Scion Vice President Jack Hollis told Ward's that the brand didn't "have plans for a direct xB or xD replacement."
Scion, which debuted in 2003, was aimed at drawing younger car shoppers to Toyota. To keep things fresh, part of Scion's mission statement was supposed to be a "one and done" marketing approach, Hollis said. That meant Scion models were supposed to stick around for only one generation and be replaced by new nameplates. The Scion xB and tC proved too popular to abandon; both models are now in their second generation.
Now is probably an appropriate time for Scion to abandon the models, however. Sales of the once-popular boxy xB have fallen off, from a high of about 61,000 in 2006 to about 17,000 in 2011. The brand's new city car, the Scion iQ , is selling well, so that should help pick up the slack. The hotly anticipated Scion FR-S , which is coming this spring, should also help revive the brand.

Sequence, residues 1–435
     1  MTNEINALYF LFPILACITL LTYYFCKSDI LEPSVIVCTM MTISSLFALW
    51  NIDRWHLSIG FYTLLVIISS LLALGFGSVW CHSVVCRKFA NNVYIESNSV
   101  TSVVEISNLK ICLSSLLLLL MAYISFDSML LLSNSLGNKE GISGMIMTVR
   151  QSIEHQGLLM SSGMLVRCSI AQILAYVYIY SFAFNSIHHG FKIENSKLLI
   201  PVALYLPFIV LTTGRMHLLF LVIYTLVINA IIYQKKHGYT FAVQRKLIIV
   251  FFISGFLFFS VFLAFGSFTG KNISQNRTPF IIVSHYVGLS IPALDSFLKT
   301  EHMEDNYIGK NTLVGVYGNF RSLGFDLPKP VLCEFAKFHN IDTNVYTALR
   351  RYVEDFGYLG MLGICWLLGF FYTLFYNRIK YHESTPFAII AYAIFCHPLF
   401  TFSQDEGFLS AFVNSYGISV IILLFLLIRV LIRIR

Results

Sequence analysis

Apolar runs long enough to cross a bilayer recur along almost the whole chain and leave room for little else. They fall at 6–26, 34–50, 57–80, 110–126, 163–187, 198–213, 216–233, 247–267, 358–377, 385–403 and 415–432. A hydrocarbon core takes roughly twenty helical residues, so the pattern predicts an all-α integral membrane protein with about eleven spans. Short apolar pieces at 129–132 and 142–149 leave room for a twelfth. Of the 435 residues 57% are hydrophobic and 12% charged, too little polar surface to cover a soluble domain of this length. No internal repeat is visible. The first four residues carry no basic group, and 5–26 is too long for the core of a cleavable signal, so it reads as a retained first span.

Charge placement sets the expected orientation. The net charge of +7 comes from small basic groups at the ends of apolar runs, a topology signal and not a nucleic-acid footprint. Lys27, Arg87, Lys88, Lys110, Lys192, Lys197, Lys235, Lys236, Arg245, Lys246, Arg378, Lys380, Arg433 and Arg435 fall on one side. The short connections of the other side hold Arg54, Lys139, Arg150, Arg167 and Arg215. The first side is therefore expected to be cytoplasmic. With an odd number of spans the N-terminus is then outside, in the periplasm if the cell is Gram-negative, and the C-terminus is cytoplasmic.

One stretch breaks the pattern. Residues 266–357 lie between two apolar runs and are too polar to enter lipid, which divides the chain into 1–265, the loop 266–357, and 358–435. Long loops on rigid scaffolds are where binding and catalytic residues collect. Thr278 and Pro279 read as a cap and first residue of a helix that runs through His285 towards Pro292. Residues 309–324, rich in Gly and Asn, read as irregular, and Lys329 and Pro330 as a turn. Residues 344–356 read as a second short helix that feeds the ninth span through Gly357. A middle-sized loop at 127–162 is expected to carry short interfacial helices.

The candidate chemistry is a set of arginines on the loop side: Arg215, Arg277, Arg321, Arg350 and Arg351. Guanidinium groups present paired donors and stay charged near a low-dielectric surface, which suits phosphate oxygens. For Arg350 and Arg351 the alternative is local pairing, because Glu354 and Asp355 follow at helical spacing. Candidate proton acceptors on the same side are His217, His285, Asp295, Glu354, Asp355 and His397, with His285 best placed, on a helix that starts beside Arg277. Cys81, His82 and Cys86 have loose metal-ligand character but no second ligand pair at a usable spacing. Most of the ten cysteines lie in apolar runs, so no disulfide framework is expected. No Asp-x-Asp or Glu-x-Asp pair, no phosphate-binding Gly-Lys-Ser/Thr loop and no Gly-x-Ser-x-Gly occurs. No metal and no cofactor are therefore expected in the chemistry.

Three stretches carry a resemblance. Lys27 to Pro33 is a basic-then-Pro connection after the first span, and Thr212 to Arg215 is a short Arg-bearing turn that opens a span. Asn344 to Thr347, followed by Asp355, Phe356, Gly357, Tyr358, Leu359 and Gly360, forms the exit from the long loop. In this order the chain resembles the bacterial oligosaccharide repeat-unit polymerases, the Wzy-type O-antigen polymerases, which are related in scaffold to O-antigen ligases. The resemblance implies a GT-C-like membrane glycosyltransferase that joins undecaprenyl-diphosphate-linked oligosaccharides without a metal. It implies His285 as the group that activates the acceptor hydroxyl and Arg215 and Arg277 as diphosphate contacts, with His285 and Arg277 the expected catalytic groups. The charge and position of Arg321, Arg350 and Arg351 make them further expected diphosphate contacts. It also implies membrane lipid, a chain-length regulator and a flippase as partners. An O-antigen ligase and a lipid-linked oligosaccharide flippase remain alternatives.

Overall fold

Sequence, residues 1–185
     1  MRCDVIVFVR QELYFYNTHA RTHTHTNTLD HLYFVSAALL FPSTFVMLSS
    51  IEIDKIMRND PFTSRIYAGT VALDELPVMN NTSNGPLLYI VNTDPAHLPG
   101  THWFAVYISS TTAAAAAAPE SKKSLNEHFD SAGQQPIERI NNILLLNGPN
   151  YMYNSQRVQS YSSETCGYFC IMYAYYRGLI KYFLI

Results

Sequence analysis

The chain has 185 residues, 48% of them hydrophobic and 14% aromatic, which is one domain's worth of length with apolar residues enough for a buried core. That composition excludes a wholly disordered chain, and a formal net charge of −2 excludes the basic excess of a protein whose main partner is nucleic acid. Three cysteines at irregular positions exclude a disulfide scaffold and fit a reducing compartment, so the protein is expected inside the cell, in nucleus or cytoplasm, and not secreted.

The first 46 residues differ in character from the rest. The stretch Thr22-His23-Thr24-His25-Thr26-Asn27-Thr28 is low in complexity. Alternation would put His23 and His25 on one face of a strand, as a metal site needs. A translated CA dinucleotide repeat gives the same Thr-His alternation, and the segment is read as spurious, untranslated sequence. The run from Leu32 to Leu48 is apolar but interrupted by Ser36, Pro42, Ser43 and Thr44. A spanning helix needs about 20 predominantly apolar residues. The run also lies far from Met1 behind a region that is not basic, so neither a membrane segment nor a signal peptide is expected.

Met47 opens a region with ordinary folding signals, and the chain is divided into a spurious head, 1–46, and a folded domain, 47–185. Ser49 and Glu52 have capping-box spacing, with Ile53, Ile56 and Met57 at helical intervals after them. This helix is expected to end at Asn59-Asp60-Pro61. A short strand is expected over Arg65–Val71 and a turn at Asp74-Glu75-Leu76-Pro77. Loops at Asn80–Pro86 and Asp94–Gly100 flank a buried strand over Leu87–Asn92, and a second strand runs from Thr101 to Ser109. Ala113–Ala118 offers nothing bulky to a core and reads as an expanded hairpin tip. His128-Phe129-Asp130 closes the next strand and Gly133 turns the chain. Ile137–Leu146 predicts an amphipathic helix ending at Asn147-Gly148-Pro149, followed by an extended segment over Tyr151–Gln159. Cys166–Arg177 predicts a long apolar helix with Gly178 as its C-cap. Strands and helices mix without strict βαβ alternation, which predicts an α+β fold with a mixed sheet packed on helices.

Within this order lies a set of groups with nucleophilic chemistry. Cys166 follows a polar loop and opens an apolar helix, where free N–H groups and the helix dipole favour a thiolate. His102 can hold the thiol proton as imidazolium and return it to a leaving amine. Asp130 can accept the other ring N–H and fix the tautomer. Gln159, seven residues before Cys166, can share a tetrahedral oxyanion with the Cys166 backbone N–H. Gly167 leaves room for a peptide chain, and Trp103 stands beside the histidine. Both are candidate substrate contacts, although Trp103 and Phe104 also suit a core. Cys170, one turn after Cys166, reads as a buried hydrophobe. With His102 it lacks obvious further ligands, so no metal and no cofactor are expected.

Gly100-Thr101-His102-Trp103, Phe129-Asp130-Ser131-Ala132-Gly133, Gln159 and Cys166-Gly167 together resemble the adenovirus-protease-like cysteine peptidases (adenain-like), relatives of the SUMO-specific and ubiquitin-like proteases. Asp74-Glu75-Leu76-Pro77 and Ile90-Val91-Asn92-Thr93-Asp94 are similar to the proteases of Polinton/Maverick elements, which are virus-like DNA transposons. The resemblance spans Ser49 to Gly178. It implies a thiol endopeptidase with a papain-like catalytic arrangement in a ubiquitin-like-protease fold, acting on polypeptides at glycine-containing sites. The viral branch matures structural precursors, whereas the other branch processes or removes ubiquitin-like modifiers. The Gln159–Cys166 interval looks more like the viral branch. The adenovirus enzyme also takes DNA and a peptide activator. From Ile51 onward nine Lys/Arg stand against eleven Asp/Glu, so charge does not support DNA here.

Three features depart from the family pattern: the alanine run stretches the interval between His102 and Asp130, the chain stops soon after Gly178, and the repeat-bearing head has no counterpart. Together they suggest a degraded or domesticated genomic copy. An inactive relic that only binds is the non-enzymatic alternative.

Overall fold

The xB is widely popular with Chicago taxi drivers, but we don't think Toyota would be too pleased to hear its brand associated with commercial fleet operations.
So far this year, sales of the xB and xD are slightly up, at 2.6% and 1.1%, respectively. Although Toyota doesn't plan to replace the models yet, the company has a habit of sourcing Scion models from its Japanese marque, Daihatsu. Here's hoping the subcompact Toyota Rush or Daihatsu Terios (pictured below) is a candidate for the U.S.
What funky models from Toyota of Europe or Japan do you think would work for Scion's U.S. lineup? Tell us in the comments section below.